Seeing the optimal path


In last nights Aikido class, I had an interesting revelation. The ingredients of my revelation included the putting green (I don’t play golf) and time lapse photography. I’ll try to explain. Maybe I’ll do a good job and maybe I won’t. We were practicing a technique yesterday, “shomen uchi ikkyu” that involves connecting to an overhead strike, and then taking the energy of that strike and moving it safely to the ground for a pin so as to not hurt the attacker but effectively neutralize the attack and pin the attacker so he cannot do any harm to himself or others.

I noticed that when I was doing a really good technique, there was an optimal path that the attacker’s hand drew. The downward arch of the strike just seemed to “fit” into the curvature of the deflection, blending and redirection of his energy. This curvature turns into a spiral, and comes to land on the ground. If i could draw this in the air with light, I’m convinced that the trail would look like a totally natural path.

I remember drawing light in the air with my friend Patti a few years ago. We had some fun with some glowy balls, and long exposure photographs. We would, in fact “draw in air”. This thought of drawing light in air helped me visualize the optimal path for this technique. Subsequently, when I didn’t pull of as good an attack, I was again able to see the path that I drew, but not natural, sometimes stunted, disproportionate, or jagged, as if I was not serving the optimal path appropriate to the speed and trajectory of the attacker’s strike. It was a very enlightening experience.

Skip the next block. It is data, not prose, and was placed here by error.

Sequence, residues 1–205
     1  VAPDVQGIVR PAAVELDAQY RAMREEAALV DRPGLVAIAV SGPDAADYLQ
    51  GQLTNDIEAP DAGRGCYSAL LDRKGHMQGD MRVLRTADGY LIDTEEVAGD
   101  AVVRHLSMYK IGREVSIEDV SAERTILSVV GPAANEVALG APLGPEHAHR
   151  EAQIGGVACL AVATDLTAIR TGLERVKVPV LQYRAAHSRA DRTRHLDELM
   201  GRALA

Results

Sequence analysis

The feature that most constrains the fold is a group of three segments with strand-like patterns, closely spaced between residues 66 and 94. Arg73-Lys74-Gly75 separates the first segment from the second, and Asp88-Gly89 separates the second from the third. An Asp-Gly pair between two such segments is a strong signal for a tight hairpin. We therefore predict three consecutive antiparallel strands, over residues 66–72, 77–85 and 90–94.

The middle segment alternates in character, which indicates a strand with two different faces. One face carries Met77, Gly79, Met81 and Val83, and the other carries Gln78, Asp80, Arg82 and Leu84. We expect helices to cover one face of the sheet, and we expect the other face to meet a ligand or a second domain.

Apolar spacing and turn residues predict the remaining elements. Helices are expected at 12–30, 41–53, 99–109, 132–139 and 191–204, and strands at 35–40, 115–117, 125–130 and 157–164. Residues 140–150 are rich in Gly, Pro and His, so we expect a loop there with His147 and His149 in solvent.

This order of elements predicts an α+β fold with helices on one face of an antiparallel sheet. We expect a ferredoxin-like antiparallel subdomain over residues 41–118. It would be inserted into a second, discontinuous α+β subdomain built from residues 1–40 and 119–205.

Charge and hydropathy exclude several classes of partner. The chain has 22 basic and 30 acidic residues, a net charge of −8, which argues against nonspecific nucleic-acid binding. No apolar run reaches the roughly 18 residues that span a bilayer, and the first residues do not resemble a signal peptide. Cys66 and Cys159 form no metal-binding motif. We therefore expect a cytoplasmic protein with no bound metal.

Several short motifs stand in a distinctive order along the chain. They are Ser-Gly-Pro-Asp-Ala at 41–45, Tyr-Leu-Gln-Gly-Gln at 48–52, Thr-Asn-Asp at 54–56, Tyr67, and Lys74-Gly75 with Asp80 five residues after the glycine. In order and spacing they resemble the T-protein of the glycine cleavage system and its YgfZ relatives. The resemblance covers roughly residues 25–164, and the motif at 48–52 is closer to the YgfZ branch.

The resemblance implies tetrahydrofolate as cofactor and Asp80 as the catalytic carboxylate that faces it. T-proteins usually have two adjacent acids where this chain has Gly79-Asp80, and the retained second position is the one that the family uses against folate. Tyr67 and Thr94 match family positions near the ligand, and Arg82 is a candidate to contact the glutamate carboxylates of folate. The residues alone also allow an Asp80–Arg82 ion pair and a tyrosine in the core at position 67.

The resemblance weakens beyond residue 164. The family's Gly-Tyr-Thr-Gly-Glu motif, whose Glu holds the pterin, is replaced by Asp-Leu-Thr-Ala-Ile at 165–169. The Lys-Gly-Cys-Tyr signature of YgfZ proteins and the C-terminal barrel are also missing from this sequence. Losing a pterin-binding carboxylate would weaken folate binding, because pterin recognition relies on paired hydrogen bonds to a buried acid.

So why did I mention golf? I don’t play it. It occured to me that really good golfers can see this path on the putting green. They can see how hard they need to hit the ball, the angle the ball will take and the curves, seemingly unseen by others, that the ball will need to take to sink into the hole. To me this practice of finding the path was no different. It was a great class.

Aikido is such a great art for me to practice because there is so much metaphor I can take onto the mat, but more importantly, off the mat too. The concept of the optimal path doesn’t have to be grand scheme of things. It can be the path to settlng an argument, the optimal path to getingt a job done quickly and efficiently, the optimal path to loving wholeheartedly. There is also a difference between “optimal” and “quickest”. Optimal implies just that. The optimal path… the path that brings to bear the most scenery, experience, knowledge and wisdom. Sometimes that path can be quick, but it doesn’t have to be,